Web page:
Remedi isn’t a well-known name to much of the public, but within U.S. Soccer’s ranks he mattered a lot. He was someone whom youth and adult clubs could call to have questions and complaints listened to. He was also one of the Federation’s highest-paid employees, earning over $350,000 in the fiscal year that ended in March 2019.

“With the pandemic and all the uncertainty around it, every organization made really difficult decisions, and I would put Brian up as one of those really difficult decisions — one of the harder ones that I’ve had to do,” Cone said. “I like Brian. I have a great relationship with Brian; I think he was great. But in this time, whether programmatic or personnel, during COVID we’ve all had to make really hard decisions.”

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Following the money

Another complaint aimed at Cone — especially by Cordeiro in his campaign manifesto — is a belief that U.S. Soccer isn’t doing enough to make the most money possible from hosting the 2026 men’s World Cup.

Cone responded to this with a set of proposals in her campaign manifesto. She also dangled a big carrot in front of youth clubs by promising to ask FIFA for U.S. Soccer members and season-ticket holders of American pro teams to get early access to World Cup game tickets.

“My team and I have been engaged with FIFA and all the potential host cities,” Cone said. “In this next phase, the priority for us is to make sure no time is wasted once the decision is announced, to begin working with the host cities and all of our members to benefit from hosting and growing the game.”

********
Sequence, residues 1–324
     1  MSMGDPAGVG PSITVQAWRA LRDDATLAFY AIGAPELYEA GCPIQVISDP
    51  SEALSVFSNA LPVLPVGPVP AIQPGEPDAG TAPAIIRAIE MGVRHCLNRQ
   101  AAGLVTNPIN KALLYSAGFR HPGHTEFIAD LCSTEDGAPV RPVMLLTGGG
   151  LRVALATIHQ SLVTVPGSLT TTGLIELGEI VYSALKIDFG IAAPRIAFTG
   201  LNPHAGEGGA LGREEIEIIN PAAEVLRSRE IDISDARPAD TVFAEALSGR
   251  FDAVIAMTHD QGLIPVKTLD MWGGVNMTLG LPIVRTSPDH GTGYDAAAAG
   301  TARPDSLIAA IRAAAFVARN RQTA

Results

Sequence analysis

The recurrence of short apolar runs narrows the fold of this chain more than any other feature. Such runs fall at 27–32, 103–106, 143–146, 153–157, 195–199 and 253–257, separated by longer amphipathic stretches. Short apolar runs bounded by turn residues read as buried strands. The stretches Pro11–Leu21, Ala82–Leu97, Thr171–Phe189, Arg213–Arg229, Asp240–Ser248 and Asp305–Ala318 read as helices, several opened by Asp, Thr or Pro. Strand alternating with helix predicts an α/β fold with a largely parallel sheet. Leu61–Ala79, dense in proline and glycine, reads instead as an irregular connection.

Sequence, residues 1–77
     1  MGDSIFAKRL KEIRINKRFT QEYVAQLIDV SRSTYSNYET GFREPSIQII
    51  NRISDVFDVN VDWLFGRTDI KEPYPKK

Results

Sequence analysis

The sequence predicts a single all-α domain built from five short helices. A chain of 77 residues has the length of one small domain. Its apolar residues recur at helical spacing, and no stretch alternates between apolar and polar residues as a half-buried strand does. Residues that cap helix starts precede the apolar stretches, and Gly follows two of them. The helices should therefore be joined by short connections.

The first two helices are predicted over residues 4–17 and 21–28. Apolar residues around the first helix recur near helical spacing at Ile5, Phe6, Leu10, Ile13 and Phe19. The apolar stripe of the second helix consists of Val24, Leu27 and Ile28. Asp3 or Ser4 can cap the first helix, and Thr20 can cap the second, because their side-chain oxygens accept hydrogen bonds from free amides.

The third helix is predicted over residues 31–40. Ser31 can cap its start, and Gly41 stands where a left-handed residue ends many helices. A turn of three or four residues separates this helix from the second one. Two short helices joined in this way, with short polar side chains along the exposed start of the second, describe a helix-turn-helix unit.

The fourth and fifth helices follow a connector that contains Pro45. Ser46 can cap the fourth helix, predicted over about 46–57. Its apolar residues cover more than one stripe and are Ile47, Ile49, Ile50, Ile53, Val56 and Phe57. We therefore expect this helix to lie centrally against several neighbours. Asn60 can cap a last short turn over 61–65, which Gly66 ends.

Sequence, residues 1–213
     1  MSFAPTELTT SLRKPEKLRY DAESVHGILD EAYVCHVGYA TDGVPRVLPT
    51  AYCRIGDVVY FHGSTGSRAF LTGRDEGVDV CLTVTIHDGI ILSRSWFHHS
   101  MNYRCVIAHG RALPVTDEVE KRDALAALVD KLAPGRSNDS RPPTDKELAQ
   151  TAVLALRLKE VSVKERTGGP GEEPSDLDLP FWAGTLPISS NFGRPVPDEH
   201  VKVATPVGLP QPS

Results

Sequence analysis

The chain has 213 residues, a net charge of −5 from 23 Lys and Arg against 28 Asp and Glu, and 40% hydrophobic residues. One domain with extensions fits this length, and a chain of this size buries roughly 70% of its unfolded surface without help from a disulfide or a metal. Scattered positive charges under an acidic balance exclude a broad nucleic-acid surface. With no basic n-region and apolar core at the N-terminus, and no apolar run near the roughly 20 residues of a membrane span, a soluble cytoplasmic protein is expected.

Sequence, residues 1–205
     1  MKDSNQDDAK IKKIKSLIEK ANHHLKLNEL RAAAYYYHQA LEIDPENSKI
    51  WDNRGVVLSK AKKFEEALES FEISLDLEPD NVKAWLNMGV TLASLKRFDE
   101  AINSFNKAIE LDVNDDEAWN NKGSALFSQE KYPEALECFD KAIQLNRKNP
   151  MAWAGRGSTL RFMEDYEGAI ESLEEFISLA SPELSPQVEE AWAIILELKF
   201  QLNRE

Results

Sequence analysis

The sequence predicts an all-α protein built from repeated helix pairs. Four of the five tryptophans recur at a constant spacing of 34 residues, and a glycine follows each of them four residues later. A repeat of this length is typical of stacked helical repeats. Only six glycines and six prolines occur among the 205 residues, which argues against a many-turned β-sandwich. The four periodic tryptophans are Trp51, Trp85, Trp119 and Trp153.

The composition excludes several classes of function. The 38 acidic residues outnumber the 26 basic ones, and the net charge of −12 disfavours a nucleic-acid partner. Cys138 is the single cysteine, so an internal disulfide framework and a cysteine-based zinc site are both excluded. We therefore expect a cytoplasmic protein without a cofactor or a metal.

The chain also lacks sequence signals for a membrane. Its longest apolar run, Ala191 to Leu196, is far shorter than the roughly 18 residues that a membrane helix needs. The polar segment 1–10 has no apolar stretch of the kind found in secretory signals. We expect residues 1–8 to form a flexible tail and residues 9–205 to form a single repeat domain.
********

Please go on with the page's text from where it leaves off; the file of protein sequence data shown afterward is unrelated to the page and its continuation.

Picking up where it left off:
The final decision on host cities is due this spring.

With the national teams, one of Cone’s biggest pressure points right now is simultaneous collective bargaining with the U.S. men and women. The men haven’t had a CBA since the end of 2018, and the women are operating on a short-term extension through March of a deal that expired at the end of 2021.

There’s been progress, but Cone didn’t sound optimistic about getting new deals done before the election.

“It’s not for lack of us working together — there’s just a lot to work through and to get done” she said. “I can tell you that we have been engaged and meeting several times a week to do it. But I think the short timeline of three or four weeks [from] now, I think that would be a giant push to get [deals] done before the election. I’m more hoping [for the] end of March.”

Politics at play

There could be big changes to the presidency in more ways than one before then. In addition to the election, U.S. Soccer’s Athletes Council — which holds 33.3% of the elections votes — has proposed making the presidency a paid job for the first time. It has always been a volunteer position, with expenses reimbursed (and there are a lot of them). The proposal would give the role a $125,000 salary.

Cone, whose current paying job is overseeing North Carolina FC’s youth programs, hopes the proposal passes.

“I do think that if the amendment passes, it will move the Federation forward,” she said. “It will open up the position to people who are not independently wealthy, or who don’t have unlimited time off, or people like me, where I have a really understanding and supportive employer.”

Until then, it’s back to campaigning.

“I was never even looking to become vice president, but I felt like it was important for athletes to have a seat at the table when important decisions are being made that would affect them,” Cone said. “I tried to find an athlete to run for VP, and no one would do it. So I did it.”

Now she has the biggest job of all, and she’d like to keep it.

“I’ve always been honest; I don’t promise things that I can’t deliver, and I bring a unique perspective that no president has ever had at U.S. Soccer,” she said. “I think people see that, and see that what I’ve had to deal with during this time as president. It hasn’t been a usual presidency, that’s for sure, with what I was handed, and then put COVID on top of that.”